SEVEN REPORTS OF SQUIBB MISCONDUCT

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Seven Reports of Squibb Misconduct

(#1 of 7)    04Aug2004    $150 Million


04Aug2004      sec.gov

Bristol-Myers Squibb Company Agrees to Pay
$150 Million to Settle Fraud Charges

Washington, D.C., Aug. 4, 2004 — The Securities and Exchange Commission today announced that it filed an enforcement action against Bristol-Myers Squibb Company, a New York-based company whose largest division, the U.S. Medicines Group, is based in New Jersey.  The Commission's complaint, filed today in the United States District Court for the District of New Jersey, alleges that Bristol-Myers perpetrated a fraudulent earnings management scheme by, among other things, selling excessive amounts of pharmaceutical products to its wholesalers ahead of demand, improperly recognizing revenue from $1.5 billion of such sales to its two largest wholesalers and using "cookie jar" reserves to meet its internal sales and earnings targets and analysts' earnings estimates.

In settling the Commission's action, Bristol-Myers agreed to an order requiring it to pay $150 million dollars and perform numerous remedial undertakings, including the appointment of an independent adviser to review and monitor its accounting practices, financial reporting and internal controls.

Stephen M. Cutler, Director of the SEC's Division of Enforcement, said, "Bristol-Myers' earnings management scheme distorted the true performance of the company and its medicines business on a massive scale and caused significant harm to the company's shareholders. The company's conduct warrants a stiff civil sanction. As our investigation continues, we will be focusing on, among other things, those individuals responsible for the company's failures."

Timothy L. Warren, Associate Regional Director of the SEC's Midwest Regional Office, added, "For two years Bristol-Myers deceived the market into believing that it was meeting its financial projections and market expectations, when, in fact, the company was making its numbers primarily through channel-stuffing and manipulative accounting devices. Severe sanctions are necessary to hold Bristol-Myers accountable for its violative conduct, and deter Bristol-Myers and other public companies from engaging in similar schemes."  [...]



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Seven Reports of Squibb Misconduct

(#2 of 7)    28Sep2007    $515 Million



Bristol-Myers Squibb to Pay More Than $515 Million
to Resolve Allegations of Illegal Drug Marketing and Pricing


28Sep2007    justice.gov

WASHINGTON — Bristol-Myers Squibb Company (BMS) and its wholly owned subsidiary, Apothecon, Inc., have agreed to pay over $515 million to resolve a broad array of civil allegations involving their drug marketing and pricing practices, United States Attorney Michael J. Sullivan announced today.  [..]

"The integrity of our health care system rests on physicians being able to make decisions based on the best interests of their patients," said Keisler.  "This settlement reflects the Justice Department’s strong commitment to holding drug companies accountable for devising and implementing fraudulent marketing and pricing schemes that undermine that decision-making process at the expense of federal health care programs for the poor and the elderly."

Sullivan added: "Patients are entitled to unbiased decision-making from their physicians and should not have to worry that financial inducements or lavish entertainment have influenced their physicians’ prescribing choices.  Kickbacks are especially nefarious when they are used as part of a marketing effort to convince physicians to prescribe drugs for uses that the Food and Drug Administration has not determined to be safe and effective."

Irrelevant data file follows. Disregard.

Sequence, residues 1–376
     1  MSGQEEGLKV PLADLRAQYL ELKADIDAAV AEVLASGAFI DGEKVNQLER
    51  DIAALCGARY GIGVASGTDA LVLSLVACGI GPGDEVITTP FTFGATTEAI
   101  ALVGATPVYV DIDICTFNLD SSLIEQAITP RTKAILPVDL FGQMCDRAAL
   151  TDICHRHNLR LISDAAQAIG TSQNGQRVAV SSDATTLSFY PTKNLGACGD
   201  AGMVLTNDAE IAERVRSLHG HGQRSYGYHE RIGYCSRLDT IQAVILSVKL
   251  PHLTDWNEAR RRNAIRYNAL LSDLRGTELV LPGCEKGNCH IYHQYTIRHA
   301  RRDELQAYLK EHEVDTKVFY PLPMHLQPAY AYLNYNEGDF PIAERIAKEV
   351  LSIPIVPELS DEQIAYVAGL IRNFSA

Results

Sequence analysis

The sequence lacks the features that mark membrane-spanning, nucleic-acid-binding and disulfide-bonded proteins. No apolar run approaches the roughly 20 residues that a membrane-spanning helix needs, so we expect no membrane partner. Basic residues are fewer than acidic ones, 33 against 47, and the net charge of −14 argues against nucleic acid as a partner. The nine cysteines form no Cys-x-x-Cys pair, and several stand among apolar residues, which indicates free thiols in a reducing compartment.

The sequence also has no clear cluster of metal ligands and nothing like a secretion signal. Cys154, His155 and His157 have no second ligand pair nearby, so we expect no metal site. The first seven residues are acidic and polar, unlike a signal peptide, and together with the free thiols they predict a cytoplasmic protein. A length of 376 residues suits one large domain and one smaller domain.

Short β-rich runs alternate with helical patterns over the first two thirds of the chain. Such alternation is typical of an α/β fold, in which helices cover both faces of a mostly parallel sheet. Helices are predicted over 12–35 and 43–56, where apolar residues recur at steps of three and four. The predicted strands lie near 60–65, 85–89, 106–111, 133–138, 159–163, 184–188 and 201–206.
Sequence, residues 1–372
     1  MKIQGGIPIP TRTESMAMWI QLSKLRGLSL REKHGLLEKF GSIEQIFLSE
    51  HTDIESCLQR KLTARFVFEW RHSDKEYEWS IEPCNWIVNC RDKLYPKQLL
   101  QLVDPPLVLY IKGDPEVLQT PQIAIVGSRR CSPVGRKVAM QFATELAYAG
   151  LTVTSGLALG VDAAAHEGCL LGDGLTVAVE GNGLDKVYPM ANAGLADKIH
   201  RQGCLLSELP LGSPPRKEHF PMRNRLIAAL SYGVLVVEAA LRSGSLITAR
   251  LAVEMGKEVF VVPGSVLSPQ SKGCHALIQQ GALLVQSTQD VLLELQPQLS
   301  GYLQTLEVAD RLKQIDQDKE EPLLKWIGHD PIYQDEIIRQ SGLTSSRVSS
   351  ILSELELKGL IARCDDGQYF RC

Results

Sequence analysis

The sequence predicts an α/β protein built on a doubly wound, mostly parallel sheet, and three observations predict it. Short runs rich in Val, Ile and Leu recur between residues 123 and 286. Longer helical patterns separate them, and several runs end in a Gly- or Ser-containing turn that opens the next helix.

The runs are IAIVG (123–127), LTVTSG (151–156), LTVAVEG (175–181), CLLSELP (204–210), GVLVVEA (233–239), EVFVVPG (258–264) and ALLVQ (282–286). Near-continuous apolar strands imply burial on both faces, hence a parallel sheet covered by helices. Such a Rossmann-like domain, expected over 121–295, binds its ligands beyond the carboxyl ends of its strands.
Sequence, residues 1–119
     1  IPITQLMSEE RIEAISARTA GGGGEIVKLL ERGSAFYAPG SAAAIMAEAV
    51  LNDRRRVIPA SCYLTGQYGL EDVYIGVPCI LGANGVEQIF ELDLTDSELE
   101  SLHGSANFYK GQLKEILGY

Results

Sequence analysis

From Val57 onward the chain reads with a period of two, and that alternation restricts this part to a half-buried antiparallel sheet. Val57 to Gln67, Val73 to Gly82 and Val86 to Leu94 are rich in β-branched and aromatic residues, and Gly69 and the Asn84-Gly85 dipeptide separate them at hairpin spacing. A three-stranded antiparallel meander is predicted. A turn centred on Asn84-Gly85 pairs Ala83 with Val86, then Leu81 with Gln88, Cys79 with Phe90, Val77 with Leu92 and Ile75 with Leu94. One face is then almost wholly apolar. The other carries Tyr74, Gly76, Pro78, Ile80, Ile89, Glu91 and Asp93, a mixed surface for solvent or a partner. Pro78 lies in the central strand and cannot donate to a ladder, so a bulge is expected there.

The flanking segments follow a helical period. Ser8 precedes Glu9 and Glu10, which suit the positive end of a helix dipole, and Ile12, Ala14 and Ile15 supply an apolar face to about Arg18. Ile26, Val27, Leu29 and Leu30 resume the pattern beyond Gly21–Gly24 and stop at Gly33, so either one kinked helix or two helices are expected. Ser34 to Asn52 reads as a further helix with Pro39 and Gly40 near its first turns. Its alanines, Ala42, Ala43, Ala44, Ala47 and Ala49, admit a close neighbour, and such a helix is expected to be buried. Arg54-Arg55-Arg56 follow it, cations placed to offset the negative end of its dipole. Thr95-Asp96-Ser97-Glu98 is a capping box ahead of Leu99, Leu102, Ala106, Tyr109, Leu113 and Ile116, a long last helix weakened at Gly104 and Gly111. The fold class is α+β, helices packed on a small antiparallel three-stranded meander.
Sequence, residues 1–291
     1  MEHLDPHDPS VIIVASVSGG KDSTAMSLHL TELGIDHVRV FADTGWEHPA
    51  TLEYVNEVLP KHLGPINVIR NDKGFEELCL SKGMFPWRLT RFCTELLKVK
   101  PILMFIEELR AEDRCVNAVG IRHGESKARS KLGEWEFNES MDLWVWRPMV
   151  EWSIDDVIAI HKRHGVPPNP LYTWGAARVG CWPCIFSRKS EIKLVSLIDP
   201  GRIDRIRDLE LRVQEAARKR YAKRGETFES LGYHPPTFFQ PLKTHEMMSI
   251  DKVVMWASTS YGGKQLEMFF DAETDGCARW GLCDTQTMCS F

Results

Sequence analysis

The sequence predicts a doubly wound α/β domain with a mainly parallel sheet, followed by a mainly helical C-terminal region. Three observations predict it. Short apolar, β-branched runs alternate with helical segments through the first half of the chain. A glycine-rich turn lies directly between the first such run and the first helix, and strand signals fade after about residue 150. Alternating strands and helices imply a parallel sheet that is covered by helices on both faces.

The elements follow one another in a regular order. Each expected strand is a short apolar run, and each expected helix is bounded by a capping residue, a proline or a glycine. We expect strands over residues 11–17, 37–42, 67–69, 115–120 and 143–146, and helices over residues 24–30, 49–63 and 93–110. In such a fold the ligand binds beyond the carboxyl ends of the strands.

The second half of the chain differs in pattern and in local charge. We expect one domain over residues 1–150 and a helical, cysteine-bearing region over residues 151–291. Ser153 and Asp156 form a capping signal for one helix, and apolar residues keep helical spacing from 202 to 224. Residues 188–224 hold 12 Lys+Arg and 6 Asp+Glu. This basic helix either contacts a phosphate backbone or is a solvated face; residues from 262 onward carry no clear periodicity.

"The government alleges that Bristol-Myers Squibb, among other wrongdoing, fraudulently inflated the cost of a drug used primarily to reduce the side effects of cancer treatments and other generic drugs without regard to the increased costs borne by government health care programs or elderly and indigent patients," said U.S. Attorney R. Alexander Acosta of the Southern District of Florida.  "Corporations cannot continue to mislead the government into paying vastly exaggerated prices by exploiting a health care system based on trust and fair play."

Today’s settlement covers a wide assortment of illegal marketing and pricing practices.

First, the Government alleged that, from approximately 2000 through mid-2003, BMS knowingly and willfully paid illegal remuneration to physicians and other health care providers to induce them to purchase BMS drugs.  BMS paid the illegal remuneration in the form of consulting fees and expenses to physicians and other health care providers to participate in various consulting programs, advisory boards, and preceptorships.  Some of these programs involved travel to luxurious resorts.  The Government also alleged that, from 1994 through 2001, Apothecon knowingly and willfully paid illegal remuneration such as stocking allowances, price protection payments, prebates, market share payments, and free goods in order to induce its retail pharmacy and wholesaler customers to purchase its products.  In both cases, the Government alleged that, by paying this illegal remuneration to physicians and others, BMS and Apothecon knowingly caused the submission of false and fraudulent claims to the federal health care programs.

Second, the Government alleged that, from 2002 through the end of 2005, BMS knowingly promoted the sale and use of Abilify, an atypical antipsychotic drug, for pediatric use and to treat dementia-related psychosis, both "off-label" uses.  The Food and Drug Administration has approved Abilify to treat adult schizophrenia and bi-polar disorder, but has not approved the use of Abilify for children and adolescents or for geriatric patients suffering from dementia-related psychosis.  Indeed, the FDA has mandated that the package for Abilify carry a "black box" warning concerning its use in the treatment of dementia-related psychosis.  Nonetheless, BMS directed its sales force to call on child psychiatrists and other pediatric specialists, and the sales force then urged physicians and others providers to prescribe Abilify for pediatric patients.  BMS also created a specialized long term care sales force that called almost exclusively on nursing homes, where dementia-related psychosis is far more prevalent than schizophrenia or bipolar disorder.